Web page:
We need a citizens review board, we need drug testing, need needed it years ago and it can’t wait any longer. I am all for disbanding that dept and bringing in a private agency to run it if that’s what it takes to get them under control. They are SCARY, they are DANGEROUS, they are OUT OF CONTROL.

I should add that , I’m not so certain that any one man can clean that department up. I’ve seen their attitudes such as, “so what we can’t get fired anyway” and ” If we don’t like Cortez we won’t cooperate.”

Also if you read the RECALL HEDGES website, you will get a lot of disturbing information including that some of the Deputies were afraid that they might be murdered by other Deputies and it was reported to HR. The actual reports are on that website.

I also know the answer to the question of how these guy’s can pass their polygraph tests when they get hired. The fact is that sociopaths and individuals with Narcissistic Personality Disorder can lie with no guilt. They pass those tests easily. We need to get those people out of there, every one of them.

Cindy, the Sheriff’s Department (county) does not run CMC (state). CMC si part of the California Department of Corrections.

Thanks for the correction on that. I had that impression because the CO’s seemed very entrenched with the local Deputies Union (when they split) and it appeared that they were operating under similar employment agreements rather than one being State Employed and one being County Employed. I would have thought that they would have had separate unions all along? Are the guards at the jail also considered CO’s or are they considered Deputies?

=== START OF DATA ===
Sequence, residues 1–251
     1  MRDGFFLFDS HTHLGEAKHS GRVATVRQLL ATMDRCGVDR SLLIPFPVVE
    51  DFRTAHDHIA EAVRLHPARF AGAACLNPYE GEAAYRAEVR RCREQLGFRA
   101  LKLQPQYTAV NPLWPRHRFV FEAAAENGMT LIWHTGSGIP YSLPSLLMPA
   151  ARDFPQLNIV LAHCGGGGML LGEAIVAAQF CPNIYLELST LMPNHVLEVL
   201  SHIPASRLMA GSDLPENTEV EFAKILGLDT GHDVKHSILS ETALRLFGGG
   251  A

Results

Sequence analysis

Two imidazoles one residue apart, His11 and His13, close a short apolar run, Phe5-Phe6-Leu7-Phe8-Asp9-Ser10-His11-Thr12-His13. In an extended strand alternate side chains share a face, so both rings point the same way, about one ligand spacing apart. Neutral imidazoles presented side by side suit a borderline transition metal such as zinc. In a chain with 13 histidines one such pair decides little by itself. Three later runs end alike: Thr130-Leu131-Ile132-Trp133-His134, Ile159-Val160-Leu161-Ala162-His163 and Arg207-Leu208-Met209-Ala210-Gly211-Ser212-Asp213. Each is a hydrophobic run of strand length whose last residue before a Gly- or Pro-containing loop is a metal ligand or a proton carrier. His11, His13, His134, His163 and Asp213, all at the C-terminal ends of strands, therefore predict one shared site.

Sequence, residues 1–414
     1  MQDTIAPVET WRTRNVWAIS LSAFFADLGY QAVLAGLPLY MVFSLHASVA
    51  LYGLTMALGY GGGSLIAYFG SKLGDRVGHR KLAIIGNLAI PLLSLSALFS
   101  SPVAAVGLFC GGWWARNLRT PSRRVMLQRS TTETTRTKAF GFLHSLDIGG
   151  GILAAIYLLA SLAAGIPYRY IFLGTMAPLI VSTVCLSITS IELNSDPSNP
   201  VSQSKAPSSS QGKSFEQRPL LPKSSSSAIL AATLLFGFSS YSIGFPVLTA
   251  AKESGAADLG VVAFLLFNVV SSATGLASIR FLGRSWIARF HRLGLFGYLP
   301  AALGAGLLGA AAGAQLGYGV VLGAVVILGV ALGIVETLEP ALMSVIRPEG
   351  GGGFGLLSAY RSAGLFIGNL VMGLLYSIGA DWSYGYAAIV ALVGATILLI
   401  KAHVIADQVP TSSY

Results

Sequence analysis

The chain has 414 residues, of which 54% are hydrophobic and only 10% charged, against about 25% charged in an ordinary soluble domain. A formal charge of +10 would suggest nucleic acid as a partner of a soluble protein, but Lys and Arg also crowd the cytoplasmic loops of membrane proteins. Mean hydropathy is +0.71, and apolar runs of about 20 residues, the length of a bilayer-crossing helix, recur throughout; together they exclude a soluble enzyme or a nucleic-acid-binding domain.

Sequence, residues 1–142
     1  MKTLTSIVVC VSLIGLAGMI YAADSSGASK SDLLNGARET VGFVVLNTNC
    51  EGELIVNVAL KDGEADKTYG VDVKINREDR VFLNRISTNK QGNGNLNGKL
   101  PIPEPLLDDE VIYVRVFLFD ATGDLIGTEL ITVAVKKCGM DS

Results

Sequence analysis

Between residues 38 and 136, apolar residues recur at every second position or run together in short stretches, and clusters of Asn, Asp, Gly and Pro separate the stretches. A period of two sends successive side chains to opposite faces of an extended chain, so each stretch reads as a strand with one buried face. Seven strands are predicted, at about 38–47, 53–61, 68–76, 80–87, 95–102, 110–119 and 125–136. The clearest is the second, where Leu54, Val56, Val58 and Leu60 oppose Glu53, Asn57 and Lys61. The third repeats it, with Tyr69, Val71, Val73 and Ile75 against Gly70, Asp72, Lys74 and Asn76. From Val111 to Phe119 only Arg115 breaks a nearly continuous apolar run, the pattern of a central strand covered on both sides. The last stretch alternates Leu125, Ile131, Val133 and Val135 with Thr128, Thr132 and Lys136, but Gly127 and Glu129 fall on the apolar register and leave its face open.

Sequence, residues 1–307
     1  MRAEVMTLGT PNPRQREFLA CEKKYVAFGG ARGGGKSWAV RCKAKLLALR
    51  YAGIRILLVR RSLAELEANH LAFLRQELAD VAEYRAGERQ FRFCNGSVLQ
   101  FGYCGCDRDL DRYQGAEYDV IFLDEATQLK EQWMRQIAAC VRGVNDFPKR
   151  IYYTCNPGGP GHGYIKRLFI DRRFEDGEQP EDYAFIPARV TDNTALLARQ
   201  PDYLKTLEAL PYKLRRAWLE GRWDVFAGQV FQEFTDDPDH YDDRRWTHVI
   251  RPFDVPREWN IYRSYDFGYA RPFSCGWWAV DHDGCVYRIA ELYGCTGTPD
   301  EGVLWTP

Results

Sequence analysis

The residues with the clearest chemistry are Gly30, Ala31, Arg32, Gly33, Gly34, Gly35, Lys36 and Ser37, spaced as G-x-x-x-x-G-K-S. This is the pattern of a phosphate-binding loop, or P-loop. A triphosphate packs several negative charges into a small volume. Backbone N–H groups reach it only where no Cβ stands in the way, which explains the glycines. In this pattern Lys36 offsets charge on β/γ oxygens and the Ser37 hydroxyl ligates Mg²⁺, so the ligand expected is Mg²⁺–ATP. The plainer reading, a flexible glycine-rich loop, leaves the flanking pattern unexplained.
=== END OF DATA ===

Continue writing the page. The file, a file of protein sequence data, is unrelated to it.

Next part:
They are COs.

common people do your research. They are Correctional Deputies now.

My family member refers to herself as a Correctional Officer, or C.O., not a Correctional Deputy. Perhaps she didn’t get the memo. She is equally common people…

Yeah ask her again. She might not have gotten the memo. My sources tell me its a big deal down there, with this new title comes more responsibilities and work. Plus, the title change was probably a ploy to get more money….We all know how those Unions are.

Either way, this started with my mention of a “heavy hitting article” the NT wrote about our local SLOSD, their NTF and their egregious abuse of power. I am appalled (literally) and concerned that the actions of that department hasn’t become more of an issue with our local Citizen’s.

Somebody (like the victims) should bring civil charges against those SOB’s. A jury will hang that Dept out to dry, I know I would.

Just to keep you informed SLO County NTF isn’t only compiled of employees from the SLOSD. All local agencies have at least one or more officers assigned to NTF

Medical experimentation for the lot of them, then send in the predator drones.